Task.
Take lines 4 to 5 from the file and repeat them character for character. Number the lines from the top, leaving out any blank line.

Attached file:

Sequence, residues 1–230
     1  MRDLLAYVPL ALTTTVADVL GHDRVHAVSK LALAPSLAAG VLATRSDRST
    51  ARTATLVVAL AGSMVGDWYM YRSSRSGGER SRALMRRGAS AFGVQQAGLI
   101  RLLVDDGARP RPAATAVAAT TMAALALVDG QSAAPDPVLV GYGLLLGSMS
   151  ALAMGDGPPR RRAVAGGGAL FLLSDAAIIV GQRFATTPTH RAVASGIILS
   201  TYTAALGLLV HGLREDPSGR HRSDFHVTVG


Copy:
   101  RLLVDDGARP RPAATAVAAT TMAALALVDG QSAAPDPVLV GYGLLLGSMS
   151  ALAMGDGPPR RRAVAGGGAL FLLSDAAIIV GQRFATTPTH RAVASGIILS